In this week's Rule Breaker Investing podcast, Motley Fool co-founder David Gardner brings his listeners a special treat: an interview with futurist/writer/journalist/pioneer and all-around clever person, Kevin Kelly. Among other things, he was a co-founder of pioneering online community The WELL and the founding executive editor of Wired magazine. He's written for The New York Times, The Economist, Science, Time, and The Wall Street Journal. His most recent book, published in 2016, is The Inevitable: Understanding the 12 Technological Forces That Will Shape Our Future. And he's not talking about specific technologies like autonomous vehicles or blockchain -- he's looking at shifts that are so wide, they're verbs.
Frankly, it's a great interview, and David would encourage you to listen to the whole thing -- but it was so long that to fit in all 12, his producer had to split it in two, with the second six in a bonus podcast. Meanwhile, for those who would like to enjoy this chat in smaller bites (bytes), we at The Fool are happy to oblige.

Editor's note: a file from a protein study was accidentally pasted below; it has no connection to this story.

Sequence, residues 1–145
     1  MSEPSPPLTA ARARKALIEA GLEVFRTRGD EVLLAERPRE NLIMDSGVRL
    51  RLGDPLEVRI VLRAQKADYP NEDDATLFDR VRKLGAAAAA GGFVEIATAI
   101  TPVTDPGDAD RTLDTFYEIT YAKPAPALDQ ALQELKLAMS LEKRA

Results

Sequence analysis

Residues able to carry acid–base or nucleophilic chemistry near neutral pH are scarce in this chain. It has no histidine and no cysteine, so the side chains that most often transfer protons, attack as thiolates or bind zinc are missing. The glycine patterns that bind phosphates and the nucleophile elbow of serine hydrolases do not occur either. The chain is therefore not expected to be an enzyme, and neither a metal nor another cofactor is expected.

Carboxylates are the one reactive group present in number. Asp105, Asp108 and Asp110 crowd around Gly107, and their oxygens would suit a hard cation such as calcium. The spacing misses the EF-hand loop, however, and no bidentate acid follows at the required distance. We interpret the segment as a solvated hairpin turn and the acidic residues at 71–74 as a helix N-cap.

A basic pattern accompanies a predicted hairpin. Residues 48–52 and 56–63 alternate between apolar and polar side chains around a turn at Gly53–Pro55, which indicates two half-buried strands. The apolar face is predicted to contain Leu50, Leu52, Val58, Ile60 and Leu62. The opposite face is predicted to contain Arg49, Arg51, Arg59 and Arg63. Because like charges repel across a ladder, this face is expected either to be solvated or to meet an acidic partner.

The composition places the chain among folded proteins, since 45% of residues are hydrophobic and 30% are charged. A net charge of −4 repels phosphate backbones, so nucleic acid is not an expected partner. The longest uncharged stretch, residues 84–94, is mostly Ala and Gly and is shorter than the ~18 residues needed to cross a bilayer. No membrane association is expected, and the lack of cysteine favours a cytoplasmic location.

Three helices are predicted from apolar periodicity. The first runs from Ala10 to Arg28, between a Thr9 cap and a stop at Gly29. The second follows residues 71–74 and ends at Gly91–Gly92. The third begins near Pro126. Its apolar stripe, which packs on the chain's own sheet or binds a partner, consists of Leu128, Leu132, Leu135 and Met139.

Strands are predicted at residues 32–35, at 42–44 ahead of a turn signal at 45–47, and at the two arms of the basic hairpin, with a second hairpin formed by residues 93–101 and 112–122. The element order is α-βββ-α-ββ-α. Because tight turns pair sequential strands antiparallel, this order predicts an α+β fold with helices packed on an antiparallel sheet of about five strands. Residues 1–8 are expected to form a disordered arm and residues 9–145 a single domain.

In this segment, they talk about sharing, which in one sense needs no explanation. But what we're doing with it, abetted by technology, really is taking us somewhere new.
A full transcript follows the video.
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This video was recorded on Feb. 14, 2018.
David Gardner: Let's just go to No. 6. This is a really interesting one. No. 6 kind of comes from accessing. There's some flow throughout your book. No. 6 is "sharing."
Sharing doesn't need any definition, but you go to a very interesting place in this chapter, describing yourself later in the book as having, for much of your life, subscribed to sort of a traditional American individualism -- and I would say that's the same of myself and probably many of us here. But you begin to talk about the power of socialism, but not with a capital "S." Not really. This is more of a trend toward Social. To the sharing economy. More sharing, kind of overlapping with our last trend, as I mentioned, accessing. Give us a little bit more about that. It's a very interesting thought.
Kevin Kelly: There's a whole discipline called the sharing economy -- and often the Airbnbs and the Ubers are included in that -- the idea that you're sharing your car, or you're sharing a room in your home. But I think it's much, much bigger and broader than that. When we start to talk about this thing, language becomes a problem because in a certain sense, the best word to describe a lot of this is socialization, socialism, social network, social media.